Homogeneous unicast, msglength=20 Homogeneous unicast, msglength=100 4.5 4.5 4 4 3.5 3.5energy used [avg. mA/node] energy used [avg. mA/node] 3 3 2.5 2.5 2 2 1.5 1.5 1 1 0.5 CSMA 0.5 CSMA S-MAC S-MAC T-MAC T-MAC 0 0 0 20 40 60 80 100 0 20 40 60 80 100 load [byte / node / s] load [byte / node / s]Figure 7: Homogeneous local unicast for small (left) and large messages (right). The numbers on the S-MACline indicate the length of the active time per 1-second frame. Nodes-to-sink, msglength=20 Nodes-to-sink, msglength=100 4.5 4.5 4 4 3.5 3.5energy used [avg. mA/node] 3 energy used [avg. mA/node] 3 2.5 2.5 2 2 1.5 1.5 1 1 0.5 CSMA 0.5 CSMA S-MAC S-MAC T-MAC T-MAC 0 0 0 2 4 6 8 10 12 0 2 4 6 8 10 12 load [byte / node / s] load [byte / node / s] Figure 8: Nodes-to-sink performance for small (left) and large messages (right). We expect that the homogeneous experiment is the best Figure 8 shows that T-MAC uses less energy than S-MAC.case for the S-MAC protocol, since the load is constant in We expected this, because in the nodes-to-sink communica-both time and location. We see that the T-MAC protocol tion the load varies with the location of nodes: there isperforms as well as the (per load tuned) S-MAC protocol. more traﬃc in the neighborhood of the sink node. This also The fact that the T-MAC protocol uses even less energy explains why the absolute load is much lower (factor of 10)than S-MAC is due to the fact that we tested the S-MAC for nodes-to-sink than for local unicast: the rate at which theprotocol only with a limited number of discrete lengths of sink can handle incoming messages limits the load individualthe active time. To get an optimal parameter value for each nodes can generate without congesting the network (aroundload, the S-MAC protocol would require complicated tuning, the sink).as it would in real deployment. The adaptive behavior of As with homogeneous local unicast we see that the max-T-MAC, on the other hand, requires no explicit tuning. imum throughput of T-MAC is less than that of S-MAC. Figure 7(right) shows that that the maximum through- Our experience with other message sizes and communicationput of the T-MAC protocol with large messages (100 byte patterns is that the maximum throughput of T-MAC ispayload) is less than that of the S-MAC protocol. This is at worst about 70% of S-MAC. We do not worry aboutmainly due to variations on the early sleeping problem as too much about T-MAC’s reduced maximum throughput,described in Section 3.5. because it only occurs under extreme loads that are best avoided by sensor applications, for example, by aggregatingNodes-to-sink communication messages.(Figure 8) In this experiment, nodes send messages to asingle sink node at the corner of the network. Messages Early sleeping problemare routed from node to node with a (slightly randomized) (Figure 9) In this experiment, we show the eﬀectiveness ofshortest path algorithm. No data aggregation is used. For the measures addressing the early sleeping problem (Sec-the T-MAC protocol, we used overhearing avoidance, the tion 3.5). We see that the FRTS mechanism increases maxi-full-buﬀer priority mechanism, and the FRTS mechanism. mum throughput by approximately 75% (0.08 vs. 0.14 mes-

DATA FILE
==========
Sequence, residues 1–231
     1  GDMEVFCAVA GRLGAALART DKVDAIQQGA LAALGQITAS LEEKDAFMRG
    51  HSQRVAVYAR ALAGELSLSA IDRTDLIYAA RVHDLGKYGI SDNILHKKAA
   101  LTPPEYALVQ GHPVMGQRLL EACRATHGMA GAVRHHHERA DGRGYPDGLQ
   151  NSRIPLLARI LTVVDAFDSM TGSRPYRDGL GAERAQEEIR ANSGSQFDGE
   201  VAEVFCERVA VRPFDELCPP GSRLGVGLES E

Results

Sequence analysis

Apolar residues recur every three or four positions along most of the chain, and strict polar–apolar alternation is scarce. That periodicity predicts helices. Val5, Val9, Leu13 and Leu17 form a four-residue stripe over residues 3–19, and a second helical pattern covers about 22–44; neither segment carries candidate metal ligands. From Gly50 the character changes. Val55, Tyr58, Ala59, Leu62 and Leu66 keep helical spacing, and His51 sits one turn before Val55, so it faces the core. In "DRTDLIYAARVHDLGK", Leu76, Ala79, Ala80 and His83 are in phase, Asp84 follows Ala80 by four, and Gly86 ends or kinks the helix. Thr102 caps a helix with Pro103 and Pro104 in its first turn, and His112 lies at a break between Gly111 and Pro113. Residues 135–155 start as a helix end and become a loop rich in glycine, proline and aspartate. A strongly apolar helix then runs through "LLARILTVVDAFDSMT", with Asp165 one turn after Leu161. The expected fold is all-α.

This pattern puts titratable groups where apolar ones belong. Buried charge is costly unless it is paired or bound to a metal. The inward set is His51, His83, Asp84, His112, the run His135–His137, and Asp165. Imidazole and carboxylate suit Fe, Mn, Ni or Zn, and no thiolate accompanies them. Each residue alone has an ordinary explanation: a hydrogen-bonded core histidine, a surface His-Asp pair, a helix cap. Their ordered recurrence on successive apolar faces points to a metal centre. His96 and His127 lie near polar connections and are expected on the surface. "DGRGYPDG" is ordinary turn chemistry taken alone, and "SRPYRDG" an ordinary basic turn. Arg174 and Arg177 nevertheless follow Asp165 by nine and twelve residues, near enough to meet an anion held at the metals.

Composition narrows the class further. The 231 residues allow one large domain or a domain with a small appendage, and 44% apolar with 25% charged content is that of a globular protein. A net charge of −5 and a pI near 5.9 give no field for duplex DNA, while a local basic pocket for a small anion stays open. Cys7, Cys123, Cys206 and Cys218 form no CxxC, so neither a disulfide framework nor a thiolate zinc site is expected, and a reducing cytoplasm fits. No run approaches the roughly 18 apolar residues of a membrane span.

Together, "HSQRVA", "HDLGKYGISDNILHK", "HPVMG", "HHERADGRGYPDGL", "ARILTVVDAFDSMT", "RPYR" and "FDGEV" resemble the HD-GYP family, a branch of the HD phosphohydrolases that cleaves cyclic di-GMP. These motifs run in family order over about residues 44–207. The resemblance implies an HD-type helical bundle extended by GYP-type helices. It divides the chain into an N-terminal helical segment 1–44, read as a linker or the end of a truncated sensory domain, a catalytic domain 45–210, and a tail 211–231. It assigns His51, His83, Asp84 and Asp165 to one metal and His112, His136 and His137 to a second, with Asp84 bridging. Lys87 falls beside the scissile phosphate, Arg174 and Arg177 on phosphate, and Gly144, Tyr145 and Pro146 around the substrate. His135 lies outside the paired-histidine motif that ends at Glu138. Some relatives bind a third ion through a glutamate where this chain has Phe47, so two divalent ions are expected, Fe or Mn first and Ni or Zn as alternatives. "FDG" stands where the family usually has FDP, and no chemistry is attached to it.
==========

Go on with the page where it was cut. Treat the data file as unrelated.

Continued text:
T-MAC nodes-to-sink, msglength=20 Event-based unicast, msglength=20 1.2 4.5 FRTS + prio 4 1 energy used [avg. mA / node] energy used [avg. mA / node] 3.5 0.8 3 FRTS 2.5 0.6 prio 2 0.4 no measures 1.5 1 0.2 CSMA 0.5 S-MAC T-MAC 0 0 0 1 2 3 4 0 20 40 60 80 100 120 140 160 load [msg / node / s] peak load [bytes / node / s]Figure 9: T-MAC options in a nodes-to-sink com- Figure 10: An event-based scenario, where activemunication pattern. nodes exchange local unicast messages. Event triggered reportingsages per second), at the cost of some energy. Adding the 4full-buﬀer priority mechanism adds approximately 30% (0.14vs. 0.18 messages per second) without the cost of extra 3.5 energy used [avg. mA / node]energy. 3Event-based local unicast 2.5(Figure 10) We now proceed towards a more realistic sce- 2nario. In this experiment, events occur in the network witha frequency of one per 10 seconds. Events have an average 1.5duration of 5 seconds and aﬀect an area of approximately 9 1nodes. These nodes then send local unicast messages to theirneighbors for the duration of the event. A neighbor that 0.5receives one of these messages replies with a probability of 020%. We performed multiple measurements, with diﬀerent CSMA S-MAC T-MACmessage frequencies during events. This frequency is on thehorizontal axis of the graph (Figure 10). For T-MAC, weused overhearing avoidance but no FRTS and no full-buﬀer Figure 11: A complete scenario with both periodicpriority. reporting and event-based messages. Figure 10 shows that T-MAC uses much less energy thaneither S-MAC or CSMA, especially when the message fre-quency during events increases. However, the maximum traﬃc–even though that happens infrequently–the deployerfrequency that T-MAC can handle is lower than that of of S-MAC must choose a long active part of the duty cy-S-MAC, like we have seen in the nodes-to-sink communica- cle. S-MAC therefore wastes much energy at times whention pattern. Again, T-MAC suﬀers from the early sleeping no events happen. By adaptively changing the duty cycle,problem, because we have relatively many edge nodes. T-MAC can decrease the used energy in this scenario by a factor of 5.Event-based local unicast and node-to-sink reporting(Figure 11) This is an experiment with a complete scenario. 5. REAL IMPLEMENTATIONWhen no events happen, nodes exchange local messages of After optimizing the T-MAC protocol using simulations,10 bytes with each other every 20 seconds. They also report we implemented most of the protocol on the actual EYESto a sink node every 100 seconds. When an event happens hardware . We did not implement all features. To test(once every 10 seconds, like in the previous experiment), the eﬀectiveness of the full-buﬀer-priority and future-RTSnodes in the neighborhood of the event start sending local schemes, a large-scale experiment is needed, involving a lotunicast messages of 30 bytes, with a rate of 4 per second. of nodes. Since there was no time to do such an experiment,They then also send messages of 50 bytes to the sink, once implementation of these features was senseless.per second. These messages are aggregated in the network. We have also not implemented the possibility to keep To be able to handle this kind of traﬃc, we had to tune multiple schedules yet. Although this is fairly easy to im-S-MAC to listen for at least 715 ms in every second. For plement, we have only tested T-MAC with single-clusterthe T-MAC protocol, we used overhearing avoidance, but conﬁgurations.no FRTS and no full-buﬀer priority. Figure 11 clearly shows the disadvantage of a ﬁxed-length During testing, we noted that the nodes’ schedules wouldactive part: to be able to handle a short-lived burst of drift apart relatively fast. Even though the time-keeping on